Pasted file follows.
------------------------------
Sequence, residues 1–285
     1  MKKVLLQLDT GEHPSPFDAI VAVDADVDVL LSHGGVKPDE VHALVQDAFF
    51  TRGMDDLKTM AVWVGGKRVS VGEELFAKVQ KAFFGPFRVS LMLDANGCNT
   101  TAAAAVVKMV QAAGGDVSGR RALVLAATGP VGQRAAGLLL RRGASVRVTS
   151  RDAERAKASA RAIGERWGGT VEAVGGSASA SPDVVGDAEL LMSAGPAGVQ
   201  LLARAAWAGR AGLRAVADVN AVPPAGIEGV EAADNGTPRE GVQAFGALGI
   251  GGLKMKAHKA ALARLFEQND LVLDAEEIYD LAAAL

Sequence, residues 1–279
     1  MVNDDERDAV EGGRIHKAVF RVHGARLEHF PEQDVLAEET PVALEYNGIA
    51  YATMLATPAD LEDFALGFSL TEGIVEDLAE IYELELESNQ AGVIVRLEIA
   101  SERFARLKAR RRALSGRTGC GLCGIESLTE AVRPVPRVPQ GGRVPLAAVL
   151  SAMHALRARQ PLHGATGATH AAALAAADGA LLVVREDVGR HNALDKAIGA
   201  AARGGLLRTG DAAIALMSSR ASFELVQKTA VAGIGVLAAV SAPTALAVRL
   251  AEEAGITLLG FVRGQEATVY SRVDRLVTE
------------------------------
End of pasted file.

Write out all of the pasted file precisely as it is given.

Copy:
Sequence, residues 1–285
     1  MKKVLLQLDT GEHPSPFDAI VAVDADVDVL LSHGGVKPDE VHALVQDAFF
    51  TRGMDDLKTM AVWVGGKRVS VGEELFAKVQ KAFFGPFRVS LMLDANGCNT
   101  TAAAAVVKMV QAAGGDVSGR RALVLAATGP VGQRAAGLLL RRGASVRVTS
   151  RDAERAKASA RAIGERWGGT VEAVGGSASA SPDVVGDAEL LMSAGPAGVQ
   201  LLARAAWAGR AGLRAVADVN AVPPAGIEGV EAADNGTPRE GVQAFGALGI
   251  GGLKMKAHKA ALARLFEQND LVLDAEEIYD LAAAL

Sequence, residues 1–279
     1  MVNDDERDAV EGGRIHKAVF RVHGARLEHF PEQDVLAEET PVALEYNGIA
    51  YATMLATPAD LEDFALGFSL TEGIVEDLAE IYELELESNQ AGVIVRLEIA
   101  SERFARLKAR RRALSGRTGC GLCGIESLTE AVRPVPRVPQ GGRVPLAAVL
   151  SAMHALRARQ PLHGATGATH AAALAAADGA LLVVREDVGR HNALDKAIGA
   201  AARGGLLRTG DAAIALMSSR ASFELVQKTA VAGIGVLAAV SAPTALAVRL
   251  AEEAGITLLG FVRGQEATVY SRVDRLVTE